HHS agenda aims to improve behavioral health for Natives

BY STAFF REPORTS
01/02/2018 12:00 PM
WASHINGTON – The U.S. Department of Health and Human Services recently announced the release of the Tribal Behavioral Health Agenda, a collaborative tribal-federal blueprint highlighting the extent to which behavioral health challenges affect Native communities.

The agenda also includes strategies and priorities to reduce these problems and improve the behavioral health of American Indians and Alaska Natives.

According to the HHS, American Indians and Alaska Natives represent 2 percent of the total U.S. population (6.6 million people), but experience disproportionately high rates of behavioral health problems such as mental and substance use disorders. In addition, these communities’ behavioral health needs have traditionally been underserved, the HHS states.

Mental and substance use disorders – which may result from adverse childhood experiences, historical and intergenerational trauma and other factors – are also reflected in high rates of interpersonal violence, major depression, excessive alcohol use, suicide and suicide risk, HHS officials said. Overall, these problems pose a corrosive threat to the health and well-being of many American Indians and Alaska Natives, HHS officials said.

“This new initiative represents an important step in our government-to-government relationship and gives American Indian and Alaska Native tribes a greater role in determining how to address their behavioral health needs with urgency and respect,” Kana Enomoto, Substance Abuse and Mental Health Services Administration principal deputy administrator, said.

The Tribal Behavioral Health Agenda blueprint includes the following tenants:

• Provides a clear national statement about the extent and impact of behavioral health and related problems on the well-being of tribal communities,

• Recognizes and supports tribal efforts to incorporate their respective cultural wisdom and traditional practices in programs and services that contribute to improved well-being,

• Establishes five foundational elements that should be considered and integrated into existing and future program and policy efforts, and

• Elevates priorities and strategies to reduce persistent behavioral health problems for Native youth, families, and communities.


Findings from SAMHSA’s National Survey on Drug Use and Health indicate that adult (ages 18 and older) American Indians and Alaska Natives had experienced higher rates of past year mental illness compared with the general population (21.2 percent versus 17.9 percent). Similarly, American Indians and Alaska Natives ages 12 and older had higher levels of past year illicit substance use than the general population (22.9 percent versus 17.8 percent), the survey states.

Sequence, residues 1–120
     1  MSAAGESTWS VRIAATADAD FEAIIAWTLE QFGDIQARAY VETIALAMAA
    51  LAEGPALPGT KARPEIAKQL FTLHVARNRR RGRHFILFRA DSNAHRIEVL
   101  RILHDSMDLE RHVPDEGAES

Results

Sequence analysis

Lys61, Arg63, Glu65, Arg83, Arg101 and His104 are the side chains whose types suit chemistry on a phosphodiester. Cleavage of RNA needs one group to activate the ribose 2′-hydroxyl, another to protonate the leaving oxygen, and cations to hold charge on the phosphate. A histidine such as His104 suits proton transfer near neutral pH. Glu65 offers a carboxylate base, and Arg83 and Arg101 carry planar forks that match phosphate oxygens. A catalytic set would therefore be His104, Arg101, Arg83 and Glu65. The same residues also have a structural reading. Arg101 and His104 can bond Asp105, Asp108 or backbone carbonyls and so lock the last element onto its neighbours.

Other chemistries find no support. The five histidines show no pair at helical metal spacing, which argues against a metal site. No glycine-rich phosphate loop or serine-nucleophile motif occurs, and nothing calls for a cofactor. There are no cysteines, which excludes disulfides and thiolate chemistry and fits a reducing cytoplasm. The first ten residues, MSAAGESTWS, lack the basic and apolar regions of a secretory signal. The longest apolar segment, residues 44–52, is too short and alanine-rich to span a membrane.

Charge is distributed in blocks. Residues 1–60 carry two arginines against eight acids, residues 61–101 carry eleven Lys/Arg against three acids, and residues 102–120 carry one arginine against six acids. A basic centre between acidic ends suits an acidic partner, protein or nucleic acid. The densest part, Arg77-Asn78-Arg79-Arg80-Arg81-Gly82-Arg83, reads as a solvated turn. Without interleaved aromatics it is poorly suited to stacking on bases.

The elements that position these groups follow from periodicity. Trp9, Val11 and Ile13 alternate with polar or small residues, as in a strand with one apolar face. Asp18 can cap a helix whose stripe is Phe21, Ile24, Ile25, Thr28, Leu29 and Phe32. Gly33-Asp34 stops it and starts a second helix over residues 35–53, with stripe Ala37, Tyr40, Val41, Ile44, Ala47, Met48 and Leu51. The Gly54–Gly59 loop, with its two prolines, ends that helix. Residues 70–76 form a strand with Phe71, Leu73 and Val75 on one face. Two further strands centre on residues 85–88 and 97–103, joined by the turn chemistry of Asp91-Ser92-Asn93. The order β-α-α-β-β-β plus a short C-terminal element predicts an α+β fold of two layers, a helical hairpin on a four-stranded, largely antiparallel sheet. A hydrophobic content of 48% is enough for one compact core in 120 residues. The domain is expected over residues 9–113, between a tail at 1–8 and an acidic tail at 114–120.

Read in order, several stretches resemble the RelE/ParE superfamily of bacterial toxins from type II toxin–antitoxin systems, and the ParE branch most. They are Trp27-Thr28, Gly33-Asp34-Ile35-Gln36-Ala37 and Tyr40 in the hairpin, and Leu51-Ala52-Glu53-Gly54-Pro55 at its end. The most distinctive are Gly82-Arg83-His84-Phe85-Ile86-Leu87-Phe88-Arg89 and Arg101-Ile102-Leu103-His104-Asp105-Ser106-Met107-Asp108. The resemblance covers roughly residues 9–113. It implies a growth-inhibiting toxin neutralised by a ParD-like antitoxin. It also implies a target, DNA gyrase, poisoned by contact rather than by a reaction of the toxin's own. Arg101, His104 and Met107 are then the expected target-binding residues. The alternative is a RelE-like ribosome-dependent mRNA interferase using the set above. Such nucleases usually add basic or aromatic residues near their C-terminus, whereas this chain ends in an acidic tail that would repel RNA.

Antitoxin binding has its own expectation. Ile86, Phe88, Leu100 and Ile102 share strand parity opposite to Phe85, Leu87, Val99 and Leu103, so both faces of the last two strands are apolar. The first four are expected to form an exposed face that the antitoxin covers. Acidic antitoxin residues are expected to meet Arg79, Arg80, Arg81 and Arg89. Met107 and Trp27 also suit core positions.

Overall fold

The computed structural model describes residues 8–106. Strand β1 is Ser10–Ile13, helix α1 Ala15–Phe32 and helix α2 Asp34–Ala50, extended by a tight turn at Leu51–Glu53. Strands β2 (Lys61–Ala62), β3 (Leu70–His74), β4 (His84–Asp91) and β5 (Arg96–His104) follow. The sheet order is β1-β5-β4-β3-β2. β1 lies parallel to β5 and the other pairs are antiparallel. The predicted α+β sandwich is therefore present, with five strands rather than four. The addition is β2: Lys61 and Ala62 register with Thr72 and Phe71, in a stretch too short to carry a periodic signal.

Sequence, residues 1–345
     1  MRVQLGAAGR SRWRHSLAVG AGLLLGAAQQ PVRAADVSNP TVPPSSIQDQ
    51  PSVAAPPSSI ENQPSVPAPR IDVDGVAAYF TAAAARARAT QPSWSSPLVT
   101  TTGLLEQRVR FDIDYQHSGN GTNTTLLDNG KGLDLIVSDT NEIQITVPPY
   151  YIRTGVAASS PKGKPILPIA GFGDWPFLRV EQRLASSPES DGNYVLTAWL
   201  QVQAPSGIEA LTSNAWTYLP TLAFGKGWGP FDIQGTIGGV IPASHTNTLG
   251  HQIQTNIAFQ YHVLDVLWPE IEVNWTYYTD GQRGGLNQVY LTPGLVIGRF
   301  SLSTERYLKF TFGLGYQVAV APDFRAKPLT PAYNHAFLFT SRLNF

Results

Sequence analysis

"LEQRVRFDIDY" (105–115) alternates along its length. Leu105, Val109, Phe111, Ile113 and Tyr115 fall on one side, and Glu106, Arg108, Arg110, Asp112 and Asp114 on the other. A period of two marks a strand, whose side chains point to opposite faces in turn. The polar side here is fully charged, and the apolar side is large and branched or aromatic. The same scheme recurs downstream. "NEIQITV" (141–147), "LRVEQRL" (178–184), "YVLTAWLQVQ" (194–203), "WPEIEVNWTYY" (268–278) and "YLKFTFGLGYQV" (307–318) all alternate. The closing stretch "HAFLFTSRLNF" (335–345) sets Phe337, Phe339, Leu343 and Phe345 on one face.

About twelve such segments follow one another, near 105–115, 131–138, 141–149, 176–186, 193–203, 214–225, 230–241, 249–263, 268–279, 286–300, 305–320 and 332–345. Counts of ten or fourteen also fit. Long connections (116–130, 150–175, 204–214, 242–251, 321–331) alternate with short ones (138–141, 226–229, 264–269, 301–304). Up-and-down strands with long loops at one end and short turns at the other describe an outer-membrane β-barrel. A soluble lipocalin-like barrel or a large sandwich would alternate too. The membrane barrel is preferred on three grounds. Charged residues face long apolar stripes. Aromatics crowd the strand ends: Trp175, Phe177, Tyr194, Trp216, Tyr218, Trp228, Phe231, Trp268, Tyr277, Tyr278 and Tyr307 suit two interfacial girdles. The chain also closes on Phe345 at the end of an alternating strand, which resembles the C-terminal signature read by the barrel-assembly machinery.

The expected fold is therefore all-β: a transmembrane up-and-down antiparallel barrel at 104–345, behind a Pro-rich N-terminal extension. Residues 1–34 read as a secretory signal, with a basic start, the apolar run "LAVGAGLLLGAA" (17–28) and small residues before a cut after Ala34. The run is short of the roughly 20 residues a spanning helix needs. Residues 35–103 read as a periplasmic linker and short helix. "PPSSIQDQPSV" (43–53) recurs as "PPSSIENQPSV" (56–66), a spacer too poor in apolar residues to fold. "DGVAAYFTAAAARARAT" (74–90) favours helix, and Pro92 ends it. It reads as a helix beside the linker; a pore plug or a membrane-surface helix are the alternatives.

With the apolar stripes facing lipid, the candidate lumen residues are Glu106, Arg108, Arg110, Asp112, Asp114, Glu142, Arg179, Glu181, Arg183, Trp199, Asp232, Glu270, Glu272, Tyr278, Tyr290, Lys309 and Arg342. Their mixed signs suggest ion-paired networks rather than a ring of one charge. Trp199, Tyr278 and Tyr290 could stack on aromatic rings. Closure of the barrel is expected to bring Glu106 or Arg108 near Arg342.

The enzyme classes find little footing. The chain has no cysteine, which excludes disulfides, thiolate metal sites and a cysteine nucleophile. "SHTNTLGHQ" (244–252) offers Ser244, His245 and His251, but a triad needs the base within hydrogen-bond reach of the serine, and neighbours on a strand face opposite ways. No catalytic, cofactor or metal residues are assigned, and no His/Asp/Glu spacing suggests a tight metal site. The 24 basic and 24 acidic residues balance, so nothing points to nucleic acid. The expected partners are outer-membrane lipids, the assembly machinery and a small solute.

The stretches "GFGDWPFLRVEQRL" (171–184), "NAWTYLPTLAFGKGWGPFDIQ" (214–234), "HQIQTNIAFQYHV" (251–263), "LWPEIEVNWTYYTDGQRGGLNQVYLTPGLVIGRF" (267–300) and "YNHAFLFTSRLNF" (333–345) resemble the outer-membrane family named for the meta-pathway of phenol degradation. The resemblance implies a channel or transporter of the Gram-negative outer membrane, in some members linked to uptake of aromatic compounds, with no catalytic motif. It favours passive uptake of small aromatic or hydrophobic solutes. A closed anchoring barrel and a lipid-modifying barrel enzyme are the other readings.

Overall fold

According to the agenda, its framework is organized around the f0llowing elements that provide content and direction for collaborative efforts:

• Focusing on healing from historical and intergenerational trauma,

• Using a socio-cultural-ecological approach to improving behavioral health,

• Ensuring support for both prevention and recovery,

• Strengthening behavioral health systems and related services and supports, and

• Improving national awareness and visibility of behavioral health issues faced by tribal communities.

“The IHS is committed to improving behavioral health care for the American Indian and Alaska Native people by using the Tribal Behavioral Health Agenda to integrate care within community health systems,” IHS Principal Deputy Director Mary L. Smith said. “This agenda recognizes that successful and sustained behavioral change requires cultural reconnection, community participation, increased resources, and the ability of those serving American Indian and Alaska Native populations to be responsive to emerging issues and changing needs.”

The agenda also includes the American Indian and Alaska Native Cultural Wisdom Declaration, which acknowledges that cultural wisdom and traditional practices are fundamental to achieving improvements in behavioral health. In addition, the agenda uses historical and current contexts for developing the recommendations that form the blueprint. It also incorporates shared priorities and strategies that can be addressed by tribes, federal agencies, and other entities working together.

According to the HHS, tribal leaders called for improved collaboration with federal agencies to address behavioral health challenges. The agenda is the result of consultation among tribal leaders, the SAMHSA, IHS and the National Indian Health Board.

“Tribal leaders and stakeholders provided meaningful and comprehensive input to create the Tribal Behavioral Health Agenda, which will be a valuable tool and resource to address the critical behavioral health needs we see across Indian Country,” NIHB Executive Director Stacy Bohlen said.

HHS officials said the agenda honors the relationship the U.S. government has with federally recognized tribes and reflects effective government-to-government interactions. They said the agenda’s development was based on identifying the perspectives of tribes while building strategies based on their shared values and beliefs.

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